Economic benefits 

Ecotourism has the potential to reduce poverty in South Africa by injecting money into the economy and creating jobs. Tourism in South Africa is booming. This is the fastest growing part of the economy. With the growth of tourism, it is now possible to take advantage of ecotourism to ensure that people living in the regions visited benefit from economic growth. Instead of a simple tourism where the voices of local people are not heard, it is essential to use ecotourism by integrating local populations. The estimated amount of money coming to South Africa through tourism is R62 billion rand a year. Reinvesting a portion of ecotourism revenues directly into communities living near tourist destinations would be a good start to reducing poverty. theThe World Wildlife Fund  believes that responsibly owned parks can be an excellent “generator of jobs, income and overall economic livelihoods” (Wildlife, Protecting Communities to Protect the Planet, 2003). If local people are involved in the creation and maintenance of the park, there are great opportunities for employment and sources of income. There are jobs in the construction of the park structure and in the provision of tour guides of the land as well as many other possibilities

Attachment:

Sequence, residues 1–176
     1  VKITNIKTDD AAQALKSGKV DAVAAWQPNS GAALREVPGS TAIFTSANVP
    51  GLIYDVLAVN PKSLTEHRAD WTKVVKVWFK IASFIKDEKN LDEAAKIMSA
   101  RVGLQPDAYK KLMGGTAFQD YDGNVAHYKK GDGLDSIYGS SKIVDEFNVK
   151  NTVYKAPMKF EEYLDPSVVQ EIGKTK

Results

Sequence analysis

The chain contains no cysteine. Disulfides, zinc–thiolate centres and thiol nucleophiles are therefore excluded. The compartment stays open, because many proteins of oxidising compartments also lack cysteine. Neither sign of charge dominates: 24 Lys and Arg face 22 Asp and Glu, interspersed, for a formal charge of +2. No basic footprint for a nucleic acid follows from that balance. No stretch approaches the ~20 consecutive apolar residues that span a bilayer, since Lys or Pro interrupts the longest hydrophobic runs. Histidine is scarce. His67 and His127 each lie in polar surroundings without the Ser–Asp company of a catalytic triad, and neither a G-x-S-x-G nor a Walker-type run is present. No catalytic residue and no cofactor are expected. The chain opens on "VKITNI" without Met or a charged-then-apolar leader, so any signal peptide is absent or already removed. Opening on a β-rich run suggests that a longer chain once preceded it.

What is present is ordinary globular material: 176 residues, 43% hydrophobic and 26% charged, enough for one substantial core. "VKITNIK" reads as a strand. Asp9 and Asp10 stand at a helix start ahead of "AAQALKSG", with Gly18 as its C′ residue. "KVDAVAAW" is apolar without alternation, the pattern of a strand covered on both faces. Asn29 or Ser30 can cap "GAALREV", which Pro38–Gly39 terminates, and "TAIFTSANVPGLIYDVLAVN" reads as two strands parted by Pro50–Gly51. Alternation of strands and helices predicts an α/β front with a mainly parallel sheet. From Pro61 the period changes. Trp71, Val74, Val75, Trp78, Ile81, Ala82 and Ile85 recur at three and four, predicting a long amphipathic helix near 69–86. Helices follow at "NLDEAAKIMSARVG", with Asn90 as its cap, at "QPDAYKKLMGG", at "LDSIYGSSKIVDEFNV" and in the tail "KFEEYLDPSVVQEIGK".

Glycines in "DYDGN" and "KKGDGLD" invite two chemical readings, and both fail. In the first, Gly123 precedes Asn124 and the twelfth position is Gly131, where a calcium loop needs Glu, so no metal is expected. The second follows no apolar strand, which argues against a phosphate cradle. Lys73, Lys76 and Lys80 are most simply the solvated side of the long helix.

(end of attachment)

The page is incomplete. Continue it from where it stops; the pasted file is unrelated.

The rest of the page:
A specific area in South Africa, the  Eastern Cape  , has aligned its economic objectives with those of national governments and realized that tourism is a means to develop their regional economy and create jobs. According to Milazi (2003), “for most of the 75 cities in Eastern Cape, tourism is the only way to lift poverty out of economic growth and job creation.” They predict that with their new tourism plan, they will attract more than 100,000 visitors to their parks. This will bring in about R1 billion per year and create more than 5,000 jobs in this sector alone (Milazi, 2003). By employing local people and bringing money to the local economy, ecotourism is expected to reduce the poverty rate.

An internationally known park in South Africa is the well-established,  Kruger National Park. In 2002, this park welcomed more than one million visitors. The park employs approximately 60,000 people. Because each park employee in turn uses the goods and services of the surrounding area, the park as a whole supports between 300,000 and 500,000 people. Ecotourism and the inclusion of local employment have increased in recent years. In some companies, local job creation and the contribution to poverty reduction have become goals and criteria for success. Another step in the right direction is “a growing number of community-led and community-led tourism initiatives in which rural communities are capturing the bulk of the benefits. It is important that the money be used to help the poor living in areas where parks are created. The greater the power and involvement of local people in parks and tourism businesses in their region, the more likely they are to benefit economically. Improving the quality of roads, hospitals, schools and communication is another benefit for ecotourism residents. Most areas where ecotourism is developed are remote areas where people do not have access. When ecotourism is developed, roads, communication and schools must be visited and spent by travelers. According to Naughton-Treves et al. (2005), “Conservation can not solve poverty, but it can make a significant contribution to preventing and reducing poverty by maintaining ecosystem services and supporting livelihoods. Through the use of ecotourism,